- Instagram says it looks at how often you interact with users to determine what content to show.
- The company revealed other factors in a blog post designed to explain to users how Instagram works.
- Instagram and other social media platforms use algorithms to let you scroll through their sites.
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Instagram revealed Tuesday how he decides what content, such as articles and stories, to show you.
The company posted a blog post detailing the four most important “signals” out of thousands of you that it takes into account when determining what you see in the feed and in the stories.
Instagram says it:
- Examines your history of interacting with someone, for example commenting on their content, to see if you find their post interesting
- Uses information about a post’s popularity, such as how many likes it has and where it was taken to help determine if it is pushing it to you
- Uses information about who posted it and how interesting it might seem to you
- Uses information about the type of content you are viewing to decide if a post might interest you
Instagram also says it uses five interactions to dictate what you see. In Instagram feed, these interactions are the likelihood that you will spend a few seconds looking at a post, commenting on it, liking or saving it, and tapping on its author’s profile picture. .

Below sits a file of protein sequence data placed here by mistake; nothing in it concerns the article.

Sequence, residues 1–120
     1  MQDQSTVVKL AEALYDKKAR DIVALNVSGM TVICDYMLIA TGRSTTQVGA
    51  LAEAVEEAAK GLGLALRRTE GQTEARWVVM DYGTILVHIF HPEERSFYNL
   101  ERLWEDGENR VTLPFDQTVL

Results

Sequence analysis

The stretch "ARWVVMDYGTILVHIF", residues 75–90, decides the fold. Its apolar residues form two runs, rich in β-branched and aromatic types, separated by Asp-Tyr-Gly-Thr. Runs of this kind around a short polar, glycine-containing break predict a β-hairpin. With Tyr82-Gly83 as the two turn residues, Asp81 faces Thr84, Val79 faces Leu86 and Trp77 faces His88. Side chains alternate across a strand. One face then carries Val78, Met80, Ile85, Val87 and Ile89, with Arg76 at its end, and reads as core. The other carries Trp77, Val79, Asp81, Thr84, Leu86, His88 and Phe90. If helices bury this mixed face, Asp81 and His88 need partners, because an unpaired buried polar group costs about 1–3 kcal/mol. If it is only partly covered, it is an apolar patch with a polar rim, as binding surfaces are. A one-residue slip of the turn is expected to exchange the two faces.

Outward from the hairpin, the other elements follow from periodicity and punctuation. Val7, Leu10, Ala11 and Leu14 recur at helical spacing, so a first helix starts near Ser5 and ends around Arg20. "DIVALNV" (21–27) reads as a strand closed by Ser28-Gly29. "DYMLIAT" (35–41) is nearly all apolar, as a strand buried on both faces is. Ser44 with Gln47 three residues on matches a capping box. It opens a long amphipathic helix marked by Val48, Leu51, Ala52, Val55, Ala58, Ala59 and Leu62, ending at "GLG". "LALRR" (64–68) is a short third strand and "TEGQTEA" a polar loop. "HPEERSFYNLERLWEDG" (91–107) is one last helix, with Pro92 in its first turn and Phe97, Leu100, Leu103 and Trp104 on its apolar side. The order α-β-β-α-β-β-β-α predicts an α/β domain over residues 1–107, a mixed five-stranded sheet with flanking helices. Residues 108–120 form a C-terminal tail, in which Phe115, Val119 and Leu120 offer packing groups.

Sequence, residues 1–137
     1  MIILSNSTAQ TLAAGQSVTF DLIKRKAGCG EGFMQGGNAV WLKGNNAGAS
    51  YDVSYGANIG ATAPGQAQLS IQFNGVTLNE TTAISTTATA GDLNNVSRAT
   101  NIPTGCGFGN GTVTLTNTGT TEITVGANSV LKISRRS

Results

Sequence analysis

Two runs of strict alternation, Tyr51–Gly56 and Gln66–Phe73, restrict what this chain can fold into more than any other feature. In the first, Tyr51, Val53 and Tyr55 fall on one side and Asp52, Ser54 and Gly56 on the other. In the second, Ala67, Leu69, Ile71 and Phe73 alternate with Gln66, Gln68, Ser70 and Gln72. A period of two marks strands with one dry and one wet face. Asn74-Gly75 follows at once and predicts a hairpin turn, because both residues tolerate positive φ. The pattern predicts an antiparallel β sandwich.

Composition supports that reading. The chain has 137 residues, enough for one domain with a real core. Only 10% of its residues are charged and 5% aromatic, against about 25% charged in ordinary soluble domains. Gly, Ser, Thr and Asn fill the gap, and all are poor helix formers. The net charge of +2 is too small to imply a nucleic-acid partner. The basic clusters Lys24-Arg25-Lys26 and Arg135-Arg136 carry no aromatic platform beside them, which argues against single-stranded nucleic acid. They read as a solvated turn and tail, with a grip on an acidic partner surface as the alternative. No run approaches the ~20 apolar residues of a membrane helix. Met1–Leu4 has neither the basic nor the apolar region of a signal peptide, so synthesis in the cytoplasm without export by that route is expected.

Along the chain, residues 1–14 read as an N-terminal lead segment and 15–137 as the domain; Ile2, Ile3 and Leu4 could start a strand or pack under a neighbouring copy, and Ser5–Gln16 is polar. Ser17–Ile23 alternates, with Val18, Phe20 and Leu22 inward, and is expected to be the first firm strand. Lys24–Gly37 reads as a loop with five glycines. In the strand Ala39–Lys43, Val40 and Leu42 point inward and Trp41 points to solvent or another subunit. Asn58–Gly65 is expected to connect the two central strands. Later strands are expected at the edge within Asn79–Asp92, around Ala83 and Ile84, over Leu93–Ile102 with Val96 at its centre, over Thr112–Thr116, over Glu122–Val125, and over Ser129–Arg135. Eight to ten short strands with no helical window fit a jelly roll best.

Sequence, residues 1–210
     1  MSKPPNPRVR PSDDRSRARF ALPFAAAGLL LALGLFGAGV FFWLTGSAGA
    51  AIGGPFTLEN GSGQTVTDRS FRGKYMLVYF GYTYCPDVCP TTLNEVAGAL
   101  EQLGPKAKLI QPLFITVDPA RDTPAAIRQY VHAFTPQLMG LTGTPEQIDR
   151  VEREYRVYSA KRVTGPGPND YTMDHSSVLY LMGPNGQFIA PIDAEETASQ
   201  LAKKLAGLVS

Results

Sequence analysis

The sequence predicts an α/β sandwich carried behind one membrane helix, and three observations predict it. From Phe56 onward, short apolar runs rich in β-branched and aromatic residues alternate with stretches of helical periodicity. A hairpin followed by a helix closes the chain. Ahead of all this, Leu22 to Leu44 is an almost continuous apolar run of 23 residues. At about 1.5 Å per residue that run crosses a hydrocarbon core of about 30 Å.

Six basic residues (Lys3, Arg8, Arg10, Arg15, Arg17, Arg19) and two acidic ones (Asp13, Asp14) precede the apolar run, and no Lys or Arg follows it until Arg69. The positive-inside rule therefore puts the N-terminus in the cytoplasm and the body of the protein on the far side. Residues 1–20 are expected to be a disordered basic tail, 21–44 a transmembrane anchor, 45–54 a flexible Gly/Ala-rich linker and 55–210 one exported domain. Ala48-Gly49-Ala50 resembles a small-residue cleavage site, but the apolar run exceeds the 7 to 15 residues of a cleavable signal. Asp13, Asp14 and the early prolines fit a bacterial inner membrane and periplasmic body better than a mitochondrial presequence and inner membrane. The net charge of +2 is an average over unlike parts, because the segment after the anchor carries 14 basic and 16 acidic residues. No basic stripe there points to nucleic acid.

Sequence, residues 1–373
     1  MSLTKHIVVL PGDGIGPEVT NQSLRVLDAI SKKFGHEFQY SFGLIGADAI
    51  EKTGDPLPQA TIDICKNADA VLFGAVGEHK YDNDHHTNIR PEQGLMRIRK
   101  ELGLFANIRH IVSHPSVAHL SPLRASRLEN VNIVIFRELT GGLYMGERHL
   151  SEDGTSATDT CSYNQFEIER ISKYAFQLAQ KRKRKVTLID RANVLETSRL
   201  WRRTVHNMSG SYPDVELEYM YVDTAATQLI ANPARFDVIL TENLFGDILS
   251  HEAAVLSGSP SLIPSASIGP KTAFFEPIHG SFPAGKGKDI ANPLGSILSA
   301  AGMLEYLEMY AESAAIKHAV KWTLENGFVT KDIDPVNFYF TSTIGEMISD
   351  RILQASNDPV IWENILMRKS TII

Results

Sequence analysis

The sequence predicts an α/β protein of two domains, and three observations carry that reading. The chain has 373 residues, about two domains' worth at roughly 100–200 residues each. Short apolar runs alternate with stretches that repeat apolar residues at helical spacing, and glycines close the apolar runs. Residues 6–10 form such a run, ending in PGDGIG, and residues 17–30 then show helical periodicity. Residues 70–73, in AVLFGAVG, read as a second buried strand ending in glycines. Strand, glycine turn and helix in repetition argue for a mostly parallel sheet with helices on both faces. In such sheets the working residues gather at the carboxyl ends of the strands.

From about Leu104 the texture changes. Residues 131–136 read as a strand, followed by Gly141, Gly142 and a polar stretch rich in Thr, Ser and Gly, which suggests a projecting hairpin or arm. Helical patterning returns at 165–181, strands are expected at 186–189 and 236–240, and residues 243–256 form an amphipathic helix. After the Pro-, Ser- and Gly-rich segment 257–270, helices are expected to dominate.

The platform then makes “educated guesses” using that data to decide what to show you first.
Instagram wrote its Tuesday blog post to “shed light on how Instagram’s technology works and its impact on the experiences people have through the app,” and the company said other posts would follow. This first post was designed to answer questions such as “How does Instagram decide what shows to me first?”
Instagram also clarified that it not only uses a single algorithm to study your online behavior, it uses “a variety of algorithms, classifiers and processes, each with its own purpose.” The company says it categorizes content differently in stories, feeds, and exploration, such as tailoring content from your closest friends to you in stories.
Instagram and other social media platforms have come under scrutiny for what critics have called their addictive algorithms designed to make you scroll – and pour ad dollars in.
Studies have shown links between social media and depression, as well as feelings of isolation and hopelessness. Experts recommend limiting the use of online platforms and paying attention to the people you interact with on the apps.